corrosion

A Quick Guide on How To Protect Your Steel From Corrosion

Steel is incredible stuff to build with – tough and versatile, it is the backbone of modern technology, building and infrastructure. However, for all its strength and dexterity, it is not entirely impervious to encroachment.

All steel will eventually corrode if not taken care of properly, which can not only ruin its aesthetic, but also affect its structural integrity. As a leading Sydney steel fabrication company, we not only deal with steel fabrication, but also detailing and drafting, and steel surface treatment.

Steel surface treatment is important for many reasons, from making them more attractive through to protecting them against scratching, peeling, extreme weather and, most importantly, corrosion. Here we take a look at how you can help save your steel from corroding.

Steel corrosion

Here we take a look at some of the major types of steel corrosion that can threaten your steel & how you can help protect against them.

Uniform Attack Corrosion

Also known as general attack corrosion, this kind of corrosion is caused by a chemical or electrochemical reaction that results in the deterioration of the entire exposed surface of the steel. The decay will occur at the same rate and this means that the entire surface needs treatment.

The best way to protect against uniform attack corrosion is to establish a barrier between the steel and the malicious agents. This includes coating the steel with zinc phosphate primers (a mineral zinc phosphate that provides inhibitive or active corrosion protection to protect the steel), paint, oil sealant or plastic coating.

Uniform attack corrosion is the most common form of decay and can be catastrophic to the steel, however, it is considered quite unthreatening as it is predictable and manageable.

Steel corrosion

Galvanic Corrosion

Galvanic corrosion, or dissimilar metal corrosion, occurs when steel comes into contact with another metal in a corrosive electrolyte. The best way to avoid this is make sure different metals do not have direct contact. Of course, this is not always possible. Another technique is to coat the metals with materials that prevent electrical conduction between the metals, for example galvanisation or anodising.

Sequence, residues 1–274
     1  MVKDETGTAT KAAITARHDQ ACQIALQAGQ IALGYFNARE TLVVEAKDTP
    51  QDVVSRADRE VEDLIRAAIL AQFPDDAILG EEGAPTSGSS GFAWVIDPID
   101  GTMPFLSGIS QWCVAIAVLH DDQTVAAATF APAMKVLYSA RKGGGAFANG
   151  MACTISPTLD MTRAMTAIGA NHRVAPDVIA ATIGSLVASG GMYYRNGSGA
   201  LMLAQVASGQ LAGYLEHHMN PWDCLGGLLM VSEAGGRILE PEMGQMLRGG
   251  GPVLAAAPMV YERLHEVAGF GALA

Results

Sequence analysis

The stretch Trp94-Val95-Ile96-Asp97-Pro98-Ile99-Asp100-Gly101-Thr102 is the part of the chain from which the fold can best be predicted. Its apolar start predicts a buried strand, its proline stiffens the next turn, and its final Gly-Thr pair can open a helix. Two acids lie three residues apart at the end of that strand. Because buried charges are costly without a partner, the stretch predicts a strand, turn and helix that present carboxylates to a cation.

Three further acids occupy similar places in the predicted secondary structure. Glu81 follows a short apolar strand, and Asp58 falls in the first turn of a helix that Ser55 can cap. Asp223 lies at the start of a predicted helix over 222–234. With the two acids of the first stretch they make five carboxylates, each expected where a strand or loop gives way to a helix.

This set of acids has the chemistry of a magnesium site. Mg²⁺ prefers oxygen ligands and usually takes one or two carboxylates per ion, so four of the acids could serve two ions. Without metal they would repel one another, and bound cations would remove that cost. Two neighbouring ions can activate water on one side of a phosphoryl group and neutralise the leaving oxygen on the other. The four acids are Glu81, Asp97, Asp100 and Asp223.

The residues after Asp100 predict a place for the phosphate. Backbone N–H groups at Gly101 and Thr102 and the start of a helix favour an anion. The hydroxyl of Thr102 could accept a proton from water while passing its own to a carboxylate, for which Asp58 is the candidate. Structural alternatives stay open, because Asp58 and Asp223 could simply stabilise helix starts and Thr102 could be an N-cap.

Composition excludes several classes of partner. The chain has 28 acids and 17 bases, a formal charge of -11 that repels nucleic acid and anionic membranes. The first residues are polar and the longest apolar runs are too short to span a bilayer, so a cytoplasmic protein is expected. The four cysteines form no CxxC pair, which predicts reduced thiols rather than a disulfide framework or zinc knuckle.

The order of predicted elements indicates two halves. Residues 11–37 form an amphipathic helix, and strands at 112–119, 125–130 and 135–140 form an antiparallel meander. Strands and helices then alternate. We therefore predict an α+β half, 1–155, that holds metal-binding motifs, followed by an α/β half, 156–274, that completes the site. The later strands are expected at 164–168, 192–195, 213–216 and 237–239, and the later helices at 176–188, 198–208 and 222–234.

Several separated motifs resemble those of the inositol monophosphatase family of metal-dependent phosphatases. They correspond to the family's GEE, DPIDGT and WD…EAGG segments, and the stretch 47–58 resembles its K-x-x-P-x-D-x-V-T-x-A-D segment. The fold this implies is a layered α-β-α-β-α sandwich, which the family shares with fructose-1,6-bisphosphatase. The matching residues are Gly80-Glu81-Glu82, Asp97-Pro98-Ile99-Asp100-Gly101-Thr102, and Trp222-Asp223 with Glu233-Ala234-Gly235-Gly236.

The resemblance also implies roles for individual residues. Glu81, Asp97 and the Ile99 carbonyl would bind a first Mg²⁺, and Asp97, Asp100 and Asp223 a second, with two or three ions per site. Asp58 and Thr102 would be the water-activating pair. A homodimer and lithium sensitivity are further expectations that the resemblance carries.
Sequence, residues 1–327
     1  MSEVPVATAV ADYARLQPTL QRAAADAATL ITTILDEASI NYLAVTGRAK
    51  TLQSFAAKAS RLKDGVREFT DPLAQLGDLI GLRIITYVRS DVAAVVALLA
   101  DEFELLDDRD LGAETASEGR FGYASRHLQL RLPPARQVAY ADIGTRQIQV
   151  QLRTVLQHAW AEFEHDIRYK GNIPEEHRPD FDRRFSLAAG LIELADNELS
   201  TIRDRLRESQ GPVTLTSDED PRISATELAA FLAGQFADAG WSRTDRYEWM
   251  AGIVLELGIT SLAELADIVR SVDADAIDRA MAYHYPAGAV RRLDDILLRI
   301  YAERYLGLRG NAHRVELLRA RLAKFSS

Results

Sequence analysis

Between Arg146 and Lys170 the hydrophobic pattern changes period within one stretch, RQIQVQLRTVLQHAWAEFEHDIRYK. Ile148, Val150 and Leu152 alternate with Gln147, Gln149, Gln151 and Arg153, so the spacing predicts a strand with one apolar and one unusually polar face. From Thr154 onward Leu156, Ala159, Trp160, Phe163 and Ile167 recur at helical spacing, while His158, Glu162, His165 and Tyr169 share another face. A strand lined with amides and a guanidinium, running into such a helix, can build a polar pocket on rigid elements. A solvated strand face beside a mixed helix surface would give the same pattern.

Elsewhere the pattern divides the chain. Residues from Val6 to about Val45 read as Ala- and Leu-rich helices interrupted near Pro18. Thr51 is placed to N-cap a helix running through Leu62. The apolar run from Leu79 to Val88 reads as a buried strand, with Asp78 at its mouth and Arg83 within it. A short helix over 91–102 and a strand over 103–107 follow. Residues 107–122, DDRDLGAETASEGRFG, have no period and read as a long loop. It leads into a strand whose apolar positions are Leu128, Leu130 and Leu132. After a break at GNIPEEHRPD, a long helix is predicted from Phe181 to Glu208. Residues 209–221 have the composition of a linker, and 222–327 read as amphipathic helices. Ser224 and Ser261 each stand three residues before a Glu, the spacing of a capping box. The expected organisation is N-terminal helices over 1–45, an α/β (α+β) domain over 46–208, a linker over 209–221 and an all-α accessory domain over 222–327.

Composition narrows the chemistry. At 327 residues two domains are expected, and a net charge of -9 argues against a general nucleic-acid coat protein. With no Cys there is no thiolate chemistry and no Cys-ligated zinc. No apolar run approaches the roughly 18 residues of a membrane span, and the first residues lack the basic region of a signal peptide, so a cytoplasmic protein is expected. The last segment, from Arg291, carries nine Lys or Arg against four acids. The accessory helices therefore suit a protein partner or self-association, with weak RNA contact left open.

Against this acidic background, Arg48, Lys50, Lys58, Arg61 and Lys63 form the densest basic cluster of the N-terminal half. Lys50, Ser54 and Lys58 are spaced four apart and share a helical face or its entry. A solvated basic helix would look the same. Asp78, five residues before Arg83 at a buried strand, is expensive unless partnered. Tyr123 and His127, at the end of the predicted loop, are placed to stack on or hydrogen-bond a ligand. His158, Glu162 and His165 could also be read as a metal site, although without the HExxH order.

Galvanic corrosion

Pitting Corrosion

Pitting corrosion occurs when localised areas of steel lose their protective layer. This area becomes anodic, while part of the remaining metal becomes cathodic, producing a localised galvanic reaction. This results in the reduced structural integrity of a steel section.

You can avoid this by being particularly diligent with your steel and to re-apply protective coatings regularly, or use cathodic protection. Keep in mind, this kind of corrosion is often difficult to spot  as it is usually relatively small and may be hidden by corrosion-produced compounds.

pitting corrosion

Crevice Corrosion

Similar to pitting, crevice corrosion is localised, generally in a stagnant microenvironment where acidic conditions, or a depletion of oxygen in a crevice can lead to corrosion. The best way to protect your steel from crevice corrosion is to eliminate tight gaps in steel construction.

Steel corrosion

This is just an introduction to steel corrosion, and there are many more that can threaten the integrity of your steel which we will cover in the future.

Few materials can compare with the strength, durability and versatility that you get from steel; however, unless those surfaces are adequately protected your steel’s performance will be seriously undermined. If you need quality steel that is fabricated to suit your unique needs, contact Steel Fabrication Services today.

Our team of expert structural steel fabricators have the experience and knowledge to answer any of your questions and will ensure that you find the best solution to suit your needs. To contact us today, simply call, fax, email or drop by our Brookvale location.

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